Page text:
Indeed, the experiences of women today are a far cry from the time of Hippocrates. After all, hysteria was struck off the 3rd edition of the Diagnostic and Statistical Manual of Mental Disorders (DSM-III) in 1980. However, the legacy of dismissing women’s physical symptoms as psychiatric or psychosomatic persists, as exemplified by patterns of misdiagnosis in multiple sclerosis (MS).

The legacy of dismissing women’s physical symptoms as psychiatric or psychosomatic persists.

MS is a severe neurodegenerative condition that can shorten a person’s lifespan by 5-10 years. Symptoms include fatigue, spasms, and depression, all of which overlap with numerous other conditions. MS is thus frequently misdiagnosed in both men and women—but not comparably. Women are disproportionately more likely than men to be misdiagnosed with functional or psychiatric disorders like anxiety, functional neurological disorder, and, until the 1980s, hysteria. On the other hand, misdiagnosed men are more frequently offered orthopaedic referrals, legitimising their physical symptoms. Perhaps due to this tendency to psychologise women’s symptoms, women were historically underrepresented in MS populations, leading to the belief that men were more likely to develop MS than women. Today, we understand that the opposite is true: women are, in fact, three times more likely to develop MS than men.

Beyond MS, the gender health gap manifests in numerous other ways. Women receive poorer dementia treatment, girls are frequently told that they have “emotional problems” when they have attention deficit hyperactivity disorder (ADHD), and over a third of menopausal women are wrongly prescribed antidepressants for hormone-related mood problems.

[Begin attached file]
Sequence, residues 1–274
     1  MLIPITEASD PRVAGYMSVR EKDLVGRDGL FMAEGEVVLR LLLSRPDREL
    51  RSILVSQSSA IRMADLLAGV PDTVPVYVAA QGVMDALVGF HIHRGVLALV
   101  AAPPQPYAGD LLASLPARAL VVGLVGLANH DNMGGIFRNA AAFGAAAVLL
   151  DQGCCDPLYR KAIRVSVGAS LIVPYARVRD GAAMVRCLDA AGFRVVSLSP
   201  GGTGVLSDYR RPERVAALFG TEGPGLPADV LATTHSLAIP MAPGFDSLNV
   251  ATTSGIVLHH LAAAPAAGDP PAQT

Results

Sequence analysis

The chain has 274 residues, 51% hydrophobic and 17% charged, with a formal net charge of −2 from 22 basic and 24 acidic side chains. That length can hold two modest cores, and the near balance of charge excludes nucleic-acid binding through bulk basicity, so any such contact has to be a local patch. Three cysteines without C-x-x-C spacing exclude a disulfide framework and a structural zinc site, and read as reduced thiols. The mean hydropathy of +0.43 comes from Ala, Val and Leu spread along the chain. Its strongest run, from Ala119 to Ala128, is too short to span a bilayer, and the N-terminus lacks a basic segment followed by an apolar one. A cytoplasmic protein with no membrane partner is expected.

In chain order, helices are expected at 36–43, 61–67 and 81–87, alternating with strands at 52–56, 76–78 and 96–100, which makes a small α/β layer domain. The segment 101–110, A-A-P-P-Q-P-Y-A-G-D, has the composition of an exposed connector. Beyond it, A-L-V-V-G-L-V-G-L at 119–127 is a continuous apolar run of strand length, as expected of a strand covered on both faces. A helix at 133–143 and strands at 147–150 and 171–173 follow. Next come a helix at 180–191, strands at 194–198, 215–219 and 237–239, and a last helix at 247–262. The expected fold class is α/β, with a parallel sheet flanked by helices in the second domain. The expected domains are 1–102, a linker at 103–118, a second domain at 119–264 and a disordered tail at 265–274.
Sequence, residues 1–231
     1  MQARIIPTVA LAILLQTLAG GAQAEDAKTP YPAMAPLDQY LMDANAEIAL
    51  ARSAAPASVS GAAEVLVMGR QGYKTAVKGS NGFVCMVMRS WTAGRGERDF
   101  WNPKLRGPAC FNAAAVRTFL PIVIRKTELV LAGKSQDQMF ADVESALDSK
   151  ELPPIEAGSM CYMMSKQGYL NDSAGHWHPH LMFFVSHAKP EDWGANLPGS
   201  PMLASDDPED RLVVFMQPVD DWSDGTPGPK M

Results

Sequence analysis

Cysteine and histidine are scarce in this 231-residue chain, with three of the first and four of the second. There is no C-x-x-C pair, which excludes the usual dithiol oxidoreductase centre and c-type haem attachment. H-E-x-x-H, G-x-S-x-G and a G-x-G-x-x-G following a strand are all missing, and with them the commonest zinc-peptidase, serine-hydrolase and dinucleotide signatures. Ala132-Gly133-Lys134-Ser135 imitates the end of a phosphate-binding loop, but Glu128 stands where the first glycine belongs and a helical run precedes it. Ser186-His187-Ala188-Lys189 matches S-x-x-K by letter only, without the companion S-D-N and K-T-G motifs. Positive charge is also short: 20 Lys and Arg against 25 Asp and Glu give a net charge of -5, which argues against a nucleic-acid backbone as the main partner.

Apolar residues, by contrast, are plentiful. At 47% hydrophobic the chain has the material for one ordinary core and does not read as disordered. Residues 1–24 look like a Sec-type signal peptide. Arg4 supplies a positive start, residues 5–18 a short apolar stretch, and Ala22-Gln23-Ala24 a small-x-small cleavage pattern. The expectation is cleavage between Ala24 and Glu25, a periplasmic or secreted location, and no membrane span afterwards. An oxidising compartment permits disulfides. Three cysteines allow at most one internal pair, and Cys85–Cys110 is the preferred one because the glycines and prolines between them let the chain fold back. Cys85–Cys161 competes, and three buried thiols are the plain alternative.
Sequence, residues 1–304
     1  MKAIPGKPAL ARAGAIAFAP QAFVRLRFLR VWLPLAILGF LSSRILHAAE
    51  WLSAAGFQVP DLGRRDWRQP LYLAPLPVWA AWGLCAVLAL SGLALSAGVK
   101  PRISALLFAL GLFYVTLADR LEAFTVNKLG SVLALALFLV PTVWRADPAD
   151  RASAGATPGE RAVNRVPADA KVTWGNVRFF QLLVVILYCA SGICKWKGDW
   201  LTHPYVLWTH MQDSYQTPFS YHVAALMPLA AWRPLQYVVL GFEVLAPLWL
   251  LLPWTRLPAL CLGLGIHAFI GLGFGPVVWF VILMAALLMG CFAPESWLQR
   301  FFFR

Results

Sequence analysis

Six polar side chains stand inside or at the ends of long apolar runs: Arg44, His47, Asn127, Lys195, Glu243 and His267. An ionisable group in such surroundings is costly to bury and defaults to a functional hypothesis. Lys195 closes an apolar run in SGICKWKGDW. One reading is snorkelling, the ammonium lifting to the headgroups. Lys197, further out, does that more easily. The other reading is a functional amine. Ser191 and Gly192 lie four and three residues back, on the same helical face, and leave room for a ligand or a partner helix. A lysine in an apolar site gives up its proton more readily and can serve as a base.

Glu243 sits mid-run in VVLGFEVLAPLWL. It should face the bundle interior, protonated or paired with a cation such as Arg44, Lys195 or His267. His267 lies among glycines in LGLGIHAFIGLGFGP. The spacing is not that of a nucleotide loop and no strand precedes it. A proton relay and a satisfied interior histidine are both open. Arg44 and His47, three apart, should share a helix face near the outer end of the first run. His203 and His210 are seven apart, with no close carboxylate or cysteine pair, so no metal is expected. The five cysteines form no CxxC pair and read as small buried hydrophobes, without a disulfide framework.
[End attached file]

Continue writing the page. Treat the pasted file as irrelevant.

It’s all in your head

In no other area is this health gap more pronounced than in the treatment of pain. Women often report having their physical symptoms psychologised, being told “it’s all in your head”, or accused of malingering. A 2021 study found that women’s pain was consistently underestimated and that they were prescribed more psychotherapy, while men received more pain medication. When reporting pain, women are frequently trivialised and dismissed due to the perception that they have a lower pain threshold. This contributes to women receiving less analgesia in emergency departments despite similar pain scores as men. These inequalities are also informed by gender bias. In the same 2021 study, perceivers who estimated women to be in less pain also believed that women were more willing to report pain.

Women often report having their physical symptoms psychologised, being told “it’s all in your head”.

Endometriosis highlights that the barriers to receiving proper medical treatment for pain exist at every stage. Affecting 10% of menstruating women, endometriosis is a chronic condition where tissue resembling the lining of the uterus grows elsewhere. Besides infertility, endometriosis is also associated with severe menstrual pain and chronic pelvic pain. Despite its prevalence and severity, it takes a median of 1.5 years for women to seek medical help, with a median of 8.5 years of total diagnostic delay.

A qualitative study in 2006 investigated the reasons for this delay, with reasons spanning from childhood to the clinic. From a young age, girls are taught to accept and internalise menstrual pains, and cultural norms have long informed them that pain is a natural part of being a woman. These norms influence women’s understanding of the severity of their own pain. Women report believing that their heavy, painful periods are merely due to bad luck and preferring to accommodate rather than disclose their pain. If they decide to seek medical attention, many women recount feeling dismissed by their doctors and sensing disbelief about the intensity of their pain.